WILLIAM DAVENPORT was born in Oglethorpe County, Ga., September 8, 1796; and died in Campbell County, Ga., March 28, 1877. The subject of this notice was married to Miss Andrew (sister of our late bishop [James Osgood] Andrew), who still survives him, and with whom he lived a devoted husband, a bright and shining light in the interests of Church and country. He possessed in a rare degree practical common sense, and an inquiring mind, added to a fair education, that kept him well informed as regards the great political, literary, and ecclesiastical movements of the age. He liked to read. In his house the minister of Jesus could not only find a home, but books of theology and early Methodism. He was wise in counsel, and his great soul was felt in the correctness and cogency of his admonitions. To use his own language, he was "born with an unusually incredulous heart, and for several years made an honest effort to be an infidel." In 1824 he attended the Salem camp meeting, in Clarke County, Ga. At a night service, as he approached the stand, Dr. Lovick Pierce rose and with unusual emphasis read Charles Wesley's hymn, beginning, "Stay, thou insulted Spirit, stay," which produced a strange feeling in his heart. The text was Rom. xi:22 – "Behold the goodness and severity of God." When the sermon closed the last fragment of infidelity was gone, and he, for the first time seeing himself a lost and ruined sinner, knelt for prayer and called on God to be merciful. At that meeting he was converted, and joined the Methodist Episcopal Church, in the communion of which he lived a faithfull and useful member to the end of his life. His views of the plan of salvation were more than ordinarily clear and correct. Although brightly converted, he was often in great doubt and Darkness, which he ascribed to not coming to Jesus when he was a child. But withal, he had the true, Scriptural idea of trust in God. He was an invalid for about six years – for ten months confined to his bed. During all these years of gloom he wrestled in prayer to God for unmistakable assurance of his acceptance with God. Fifteen months before his death, when bathed in penitential tears at the mercy seat for the witness of the Spirit, he said, "If I have never again have it, and am finally lost, I will tell the enemy till doomed, I still trust God." O, how grand such faith! At last the cloud lifted, the shadows fled, and he exclaimed, "My God is reconciled," etc. He never had another doubt – praised God all the time- often saying "Hallelujah" – "Glory be to God" – "Happy, so happy" – "Bright, bright." He had always been devoted to the Sunday-school, the children, and young people, but now he exhorted them, and all who came near him, to meet him in heaven, and not to be discouraged though satan should pursue them to the gates of the city. He had reached "through great tribulation" faith's beatitude in sight of the Jordan, and there rejoiced in hope of an entrance being administered unto him that would be all the sweeter because of the afflictions. His departure was ecstatic. As the ship loosed its moorings he exclaimed distinctly, "Heaven, sweet heaven;" "Farewell;" "Glory, Glory:" and "was not, for God took him."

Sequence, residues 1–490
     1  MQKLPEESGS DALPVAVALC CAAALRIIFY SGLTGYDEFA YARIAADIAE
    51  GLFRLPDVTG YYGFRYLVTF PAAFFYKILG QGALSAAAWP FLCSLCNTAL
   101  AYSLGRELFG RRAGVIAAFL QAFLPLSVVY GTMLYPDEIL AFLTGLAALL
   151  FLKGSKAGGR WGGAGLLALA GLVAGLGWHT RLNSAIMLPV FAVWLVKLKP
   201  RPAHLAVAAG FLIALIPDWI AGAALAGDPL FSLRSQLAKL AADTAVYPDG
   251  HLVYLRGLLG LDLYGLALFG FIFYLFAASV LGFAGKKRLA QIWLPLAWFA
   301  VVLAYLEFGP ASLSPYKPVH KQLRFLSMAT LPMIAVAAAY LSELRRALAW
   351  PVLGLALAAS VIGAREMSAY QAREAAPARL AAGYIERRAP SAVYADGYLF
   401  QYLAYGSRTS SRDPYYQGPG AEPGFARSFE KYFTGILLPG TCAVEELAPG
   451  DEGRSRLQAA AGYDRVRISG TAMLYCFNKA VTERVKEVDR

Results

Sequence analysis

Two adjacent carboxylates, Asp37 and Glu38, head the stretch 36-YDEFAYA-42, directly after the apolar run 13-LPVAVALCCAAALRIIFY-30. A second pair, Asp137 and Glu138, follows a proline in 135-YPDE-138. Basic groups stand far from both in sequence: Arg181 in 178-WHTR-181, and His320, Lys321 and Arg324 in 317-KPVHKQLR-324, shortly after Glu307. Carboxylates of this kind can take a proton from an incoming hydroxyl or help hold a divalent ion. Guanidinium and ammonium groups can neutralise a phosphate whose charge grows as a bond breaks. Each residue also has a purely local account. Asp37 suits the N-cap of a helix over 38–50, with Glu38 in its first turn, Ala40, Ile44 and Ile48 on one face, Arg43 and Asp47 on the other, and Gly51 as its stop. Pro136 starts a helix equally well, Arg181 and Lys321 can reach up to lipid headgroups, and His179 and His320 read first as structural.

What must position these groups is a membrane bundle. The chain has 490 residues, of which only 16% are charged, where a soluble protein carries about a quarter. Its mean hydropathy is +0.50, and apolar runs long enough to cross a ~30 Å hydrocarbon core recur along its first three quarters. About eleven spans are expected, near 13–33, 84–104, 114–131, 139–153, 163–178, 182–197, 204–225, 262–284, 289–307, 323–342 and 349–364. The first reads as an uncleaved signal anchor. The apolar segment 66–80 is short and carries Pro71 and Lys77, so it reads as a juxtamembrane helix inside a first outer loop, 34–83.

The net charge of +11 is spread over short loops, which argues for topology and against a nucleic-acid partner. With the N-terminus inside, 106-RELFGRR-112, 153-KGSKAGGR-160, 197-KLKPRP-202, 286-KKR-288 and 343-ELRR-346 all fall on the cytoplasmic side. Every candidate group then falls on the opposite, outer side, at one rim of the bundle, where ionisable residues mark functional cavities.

John M. Bowden [from the Wesleyan Christian Advocate (Atlanta), unknown issue in 1877] Shortened version ran in Southern Christian Advocate 5 Jun 1877.